Dick Miller plays a simple, well-meaning bus boy–who also takes drink orders, apparently for no tips–at an art café. The beatnik patrons condescend to him, his boss is a jerk, the only one nice to him is his female coworker.

Every performance–boss, beatnik, girl–is fantastic. Miller’s great in the lead too, with Corman and writer Charles B. Griffith giving him the time to show how his character becomes a spree killer. It’s okay because he’s turning the bodies into art, after all. While Griffith and Corman have a lot of fun at the beatnik culture’s expense, they don’t shortchange Miller. His transformation is serious… even when the results are funny.

As the girl, Barboura Morris doesn’t get a lot to do until the end but then Griffith and Corman give her one amazing scene. It probably only lasts a couple minutes, but it seems so much longer thanks to Morris. One can just watch the thoughts on her face, in her measured reactions.

Antony Carbone is good as Miller’s boss, who sort of understands his responsibility in the situation. Julian Burton is awesome as the intellectual beatnik who takes Miller under his wing. John Brinkley and John Herman Shaner are hilarious as the stoned beatniks who offer uninvited commentary.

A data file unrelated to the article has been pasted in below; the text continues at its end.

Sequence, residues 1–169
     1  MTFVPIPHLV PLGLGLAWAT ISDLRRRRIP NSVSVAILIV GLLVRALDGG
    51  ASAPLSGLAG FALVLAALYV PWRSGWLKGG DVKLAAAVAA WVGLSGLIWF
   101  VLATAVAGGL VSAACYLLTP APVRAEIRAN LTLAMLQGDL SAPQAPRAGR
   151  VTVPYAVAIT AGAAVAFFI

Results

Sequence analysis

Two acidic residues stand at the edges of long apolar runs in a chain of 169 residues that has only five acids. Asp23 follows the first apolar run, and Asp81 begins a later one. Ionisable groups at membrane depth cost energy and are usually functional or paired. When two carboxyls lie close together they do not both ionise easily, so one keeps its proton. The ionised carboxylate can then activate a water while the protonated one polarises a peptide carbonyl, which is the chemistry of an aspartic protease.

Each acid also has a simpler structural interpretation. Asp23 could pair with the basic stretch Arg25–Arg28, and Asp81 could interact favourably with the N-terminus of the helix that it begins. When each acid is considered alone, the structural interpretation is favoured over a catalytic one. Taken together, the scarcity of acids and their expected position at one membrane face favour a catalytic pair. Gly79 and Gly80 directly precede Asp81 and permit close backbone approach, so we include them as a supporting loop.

Blood is an excellent little picture.

3/4★★★

CREDITS

Produced and directed by Roger Corman; written by Charles B. Griffith; director of photography, Jacques R. Marquette; edited by Anthony Carras; music by Fred Katz; released by American International Pictures.

Starring Dick Miller (Walter Paisley), Barboura Morris (Carla), Antony Carbone (Leonard de Santis), Julian Burton (Maxwell H. Brock), Ed Nelson (Art Lacroix), John Brinkley (Will), John Herman Shaner (Oscar), Judy Bamber (Alice), Myrtle Vail (Mrs. Swickert), Bert Convy (Lou Raby), Jhean Burton (Naolia), Bruno VeSota (Art Collector) and Lynn Storey (Sylvia).


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The Little Shop of Horrors (1960, Roger Corman)